WCRI Identifies New Predictors of Worker Outcomes

New predictors of worker outcomes were identified in eight new state-specific studies (Indiana, Massachusetts, Michigan, Minnesota, North Carolina, Pennsylvania, Virginia, and Wisconsin) from the Workers Compensation Research Institute (WCRI). The predictors can help public officials, payors, and health care providers improve the treatment and communication an injured worker receives after an injury – leading to better outcomes.

  • Share on TwitterShare on FacebookShare on Google+Share on LinkedInShare on PinterestEmail a friend
Work Injury Claim Form

Work Injury Claim Form

Better information about the predictors of poorer worker outcomes may allow payors and doctors to better target health care and return-to-work interventions to those most at risk.

Cambridge, MA (PRWEB) June 19, 2014

Eight new state-specific studies from the Workers Compensation Research Institute (WCRI) identified new predictors of worker outcomes that can help public officials, payors, and health care providers improve the treatment and communication an injured worker receives after an injury – leading to better outcomes.

“Better information about the predictors of poorer worker outcomes may allow payors and doctors to better target health care and return-to-work interventions to those most at risk,” said Dr. Richard Victor, WCRI’s executive director.

The studies, Predictors of Worker Outcomes, found trust in the workplace to be one of the more important predictors that has not been examined before. To describe the level of trust or mistrust in the work relationship, the studies' interviewers asked workers if they were concerned about being fired as a result of the injury. The following are some findings from the studies regarding this predictor:

  •     Workers who were strongly concerned about being fired after the injury experienced poorer return-to-work outcomes than workers without those concerns.
  •     One in five workers who were concerned about being fired reported that they were not working at the time of the interview. This was double the rate that was observed for workers without such concerns. Among workers who were not concerned about being fired, one in ten workers was not working at the time of the interview.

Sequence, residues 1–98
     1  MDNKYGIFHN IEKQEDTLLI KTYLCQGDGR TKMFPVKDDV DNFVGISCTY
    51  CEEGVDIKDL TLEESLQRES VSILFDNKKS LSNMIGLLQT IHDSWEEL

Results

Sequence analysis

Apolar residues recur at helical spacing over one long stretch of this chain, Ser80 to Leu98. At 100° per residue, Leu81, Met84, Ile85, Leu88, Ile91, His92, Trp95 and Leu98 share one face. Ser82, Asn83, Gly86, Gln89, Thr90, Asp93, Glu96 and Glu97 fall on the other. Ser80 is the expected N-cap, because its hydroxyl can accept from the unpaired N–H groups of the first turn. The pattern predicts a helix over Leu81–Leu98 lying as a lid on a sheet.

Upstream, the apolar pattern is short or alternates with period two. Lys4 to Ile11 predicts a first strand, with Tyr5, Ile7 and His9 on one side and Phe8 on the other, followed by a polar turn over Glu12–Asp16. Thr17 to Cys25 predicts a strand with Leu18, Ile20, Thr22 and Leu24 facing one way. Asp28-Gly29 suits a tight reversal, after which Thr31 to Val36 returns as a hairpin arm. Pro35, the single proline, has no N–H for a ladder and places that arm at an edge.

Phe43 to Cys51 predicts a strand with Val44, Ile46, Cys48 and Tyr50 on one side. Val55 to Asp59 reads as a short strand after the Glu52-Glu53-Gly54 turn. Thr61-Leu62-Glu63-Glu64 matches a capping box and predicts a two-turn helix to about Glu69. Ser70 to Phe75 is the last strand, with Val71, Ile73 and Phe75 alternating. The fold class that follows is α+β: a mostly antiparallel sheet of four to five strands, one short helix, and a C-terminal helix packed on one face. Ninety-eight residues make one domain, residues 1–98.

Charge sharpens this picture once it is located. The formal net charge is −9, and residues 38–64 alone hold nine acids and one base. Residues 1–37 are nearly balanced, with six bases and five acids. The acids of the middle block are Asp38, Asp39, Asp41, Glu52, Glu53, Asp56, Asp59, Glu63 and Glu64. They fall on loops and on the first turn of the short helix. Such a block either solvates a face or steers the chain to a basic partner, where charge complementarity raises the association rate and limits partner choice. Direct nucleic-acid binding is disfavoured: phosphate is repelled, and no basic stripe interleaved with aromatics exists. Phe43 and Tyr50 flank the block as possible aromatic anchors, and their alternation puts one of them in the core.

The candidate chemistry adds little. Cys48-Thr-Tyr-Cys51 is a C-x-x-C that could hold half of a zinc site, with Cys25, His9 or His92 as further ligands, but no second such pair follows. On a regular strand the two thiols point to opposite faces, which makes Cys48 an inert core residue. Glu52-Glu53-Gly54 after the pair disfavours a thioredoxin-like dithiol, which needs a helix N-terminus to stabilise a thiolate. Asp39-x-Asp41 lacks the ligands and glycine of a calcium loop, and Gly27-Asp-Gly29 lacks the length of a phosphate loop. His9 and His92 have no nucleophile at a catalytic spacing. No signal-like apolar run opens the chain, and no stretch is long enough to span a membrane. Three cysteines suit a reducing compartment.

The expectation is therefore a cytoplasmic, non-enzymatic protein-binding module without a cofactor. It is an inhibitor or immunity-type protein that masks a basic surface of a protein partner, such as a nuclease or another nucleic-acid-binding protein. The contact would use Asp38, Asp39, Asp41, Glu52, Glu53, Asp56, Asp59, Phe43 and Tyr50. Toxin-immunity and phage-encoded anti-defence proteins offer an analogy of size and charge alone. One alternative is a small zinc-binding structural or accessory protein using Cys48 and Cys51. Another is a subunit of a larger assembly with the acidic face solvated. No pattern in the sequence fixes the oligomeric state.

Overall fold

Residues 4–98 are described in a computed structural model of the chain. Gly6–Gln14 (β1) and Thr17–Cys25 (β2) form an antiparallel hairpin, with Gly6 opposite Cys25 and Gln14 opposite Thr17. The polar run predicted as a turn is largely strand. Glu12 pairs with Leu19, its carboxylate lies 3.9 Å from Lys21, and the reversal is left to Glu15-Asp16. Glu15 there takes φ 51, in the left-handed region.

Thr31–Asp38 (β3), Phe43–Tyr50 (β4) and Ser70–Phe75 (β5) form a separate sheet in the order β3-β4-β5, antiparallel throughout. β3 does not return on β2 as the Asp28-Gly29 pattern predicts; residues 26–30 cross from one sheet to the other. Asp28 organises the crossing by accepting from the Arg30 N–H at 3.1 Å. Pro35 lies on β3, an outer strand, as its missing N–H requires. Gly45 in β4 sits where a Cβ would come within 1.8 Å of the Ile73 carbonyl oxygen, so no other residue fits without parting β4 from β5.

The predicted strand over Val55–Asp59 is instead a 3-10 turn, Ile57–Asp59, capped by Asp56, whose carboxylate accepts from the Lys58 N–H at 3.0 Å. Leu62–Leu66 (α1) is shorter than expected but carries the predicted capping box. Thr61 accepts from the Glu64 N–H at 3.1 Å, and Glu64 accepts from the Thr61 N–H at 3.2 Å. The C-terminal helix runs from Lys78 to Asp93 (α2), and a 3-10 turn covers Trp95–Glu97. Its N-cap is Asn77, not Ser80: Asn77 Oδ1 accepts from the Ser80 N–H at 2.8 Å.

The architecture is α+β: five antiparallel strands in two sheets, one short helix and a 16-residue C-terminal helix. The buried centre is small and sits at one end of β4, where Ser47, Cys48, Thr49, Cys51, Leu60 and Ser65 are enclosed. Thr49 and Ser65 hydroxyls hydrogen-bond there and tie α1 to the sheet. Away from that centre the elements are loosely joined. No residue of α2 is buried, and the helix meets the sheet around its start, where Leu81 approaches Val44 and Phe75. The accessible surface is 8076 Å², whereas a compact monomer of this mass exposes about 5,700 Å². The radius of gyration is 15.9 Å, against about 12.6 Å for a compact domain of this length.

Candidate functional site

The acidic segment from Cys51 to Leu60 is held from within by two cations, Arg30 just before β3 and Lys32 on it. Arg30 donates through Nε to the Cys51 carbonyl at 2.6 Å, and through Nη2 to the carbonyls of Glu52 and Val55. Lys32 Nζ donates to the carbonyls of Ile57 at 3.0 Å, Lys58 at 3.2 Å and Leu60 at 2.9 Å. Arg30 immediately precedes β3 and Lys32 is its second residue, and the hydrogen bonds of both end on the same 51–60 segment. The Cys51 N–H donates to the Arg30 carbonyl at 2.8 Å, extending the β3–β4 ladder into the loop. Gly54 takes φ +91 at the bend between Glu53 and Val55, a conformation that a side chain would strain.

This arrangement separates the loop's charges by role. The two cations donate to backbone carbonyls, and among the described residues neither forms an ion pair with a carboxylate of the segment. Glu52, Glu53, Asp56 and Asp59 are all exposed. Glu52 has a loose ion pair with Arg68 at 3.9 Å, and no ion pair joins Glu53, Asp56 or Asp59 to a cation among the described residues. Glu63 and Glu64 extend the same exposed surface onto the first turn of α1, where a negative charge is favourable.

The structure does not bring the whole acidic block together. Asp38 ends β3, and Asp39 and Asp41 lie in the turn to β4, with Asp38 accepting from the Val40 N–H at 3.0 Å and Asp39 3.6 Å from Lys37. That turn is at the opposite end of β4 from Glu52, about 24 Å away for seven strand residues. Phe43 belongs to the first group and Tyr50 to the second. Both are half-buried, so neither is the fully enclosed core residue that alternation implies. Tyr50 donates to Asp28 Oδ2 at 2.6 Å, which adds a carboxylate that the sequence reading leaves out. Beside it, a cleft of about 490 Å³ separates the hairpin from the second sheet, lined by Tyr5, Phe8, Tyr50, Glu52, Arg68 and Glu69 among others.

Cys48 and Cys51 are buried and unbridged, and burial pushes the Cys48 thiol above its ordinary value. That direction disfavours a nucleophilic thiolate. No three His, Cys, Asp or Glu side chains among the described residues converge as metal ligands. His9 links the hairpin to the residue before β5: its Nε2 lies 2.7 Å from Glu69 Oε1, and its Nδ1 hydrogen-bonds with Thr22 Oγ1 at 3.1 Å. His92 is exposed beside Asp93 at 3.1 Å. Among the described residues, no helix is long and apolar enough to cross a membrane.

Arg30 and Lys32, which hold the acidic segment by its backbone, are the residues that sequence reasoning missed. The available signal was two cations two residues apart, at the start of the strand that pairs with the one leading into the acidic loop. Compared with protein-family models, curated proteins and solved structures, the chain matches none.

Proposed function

•     Concerns about being fired were associated with a four-week increase in the average duration of disability.

The studies also identified workers with specific comorbid medical conditions (existing simultaneously with and usually independently of another medical condition) by asking whether the worker had received treatment for hypertension, diabetes, and heart problems. The medical condition may have been present at the time of the injury or may have manifested during the recovery period. Among those findings:

  •     Workers with hypertension (when compared with workers without hypertension) had a 3 percentage point higher rate of not working at the time of the interview predominantly due to injury.
  •     Workers with heart problems reported an 8 percentage point higher rate of not working at the time of interview predominantly due to injury and had disability duration that was four weeks longer.
  •     Workers with diabetes had a 4 percentage point higher rate of not working at the time of the interview predominantly due to injury than workers without diabetes.

The studies are based on telephone interviews with 3,200 injured workers across eight states. The eight states are Indiana, Massachusetts, Michigan, Minnesota, North Carolina, Pennsylvania, Virginia, and Wisconsin. The studies interviewed workers who suffered a work place injury in 2010 and received workers’ compensation income benefits. The surveys were conducted during February through June 2013—on average, about three years after these workers sustained their injuries.

To purchase any one of these reports, visit the list of our most recently published studies: http://www.wcrinet.org/recent_pub.html.

The Cambridge-based WCRI is recognized as a leader in providing high-quality, objective information about public policy issues involving workers' compensation systems.

ABOUT WCRI:

The Workers Compensation Research Institute (WCRI) is an independent, not-for-profit research organization based in Cambridge, MA. Organized in late 1983, the Institute does not take positions on the issues it researches; rather, it provides information obtained through studies and data collection efforts, which conform to recognized scientific methods. Objectivity is further ensured through rigorous, unbiased peer review procedures. WCRI's diverse membership includes employers; insurers; governmental entities; managed care companies; health care providers; insurance regulators; state labor organizations; and state administrative agencies in the U.S., Canada, Australia and New Zealand. For more information, visit http://www.wcrinet.org.


Contact

  • Andrew Kenneally
    Workers Compensation Research Institute
    +1 (617) 661-9274 Ext: 257
    Email
Follow us on: Contact's Google Plus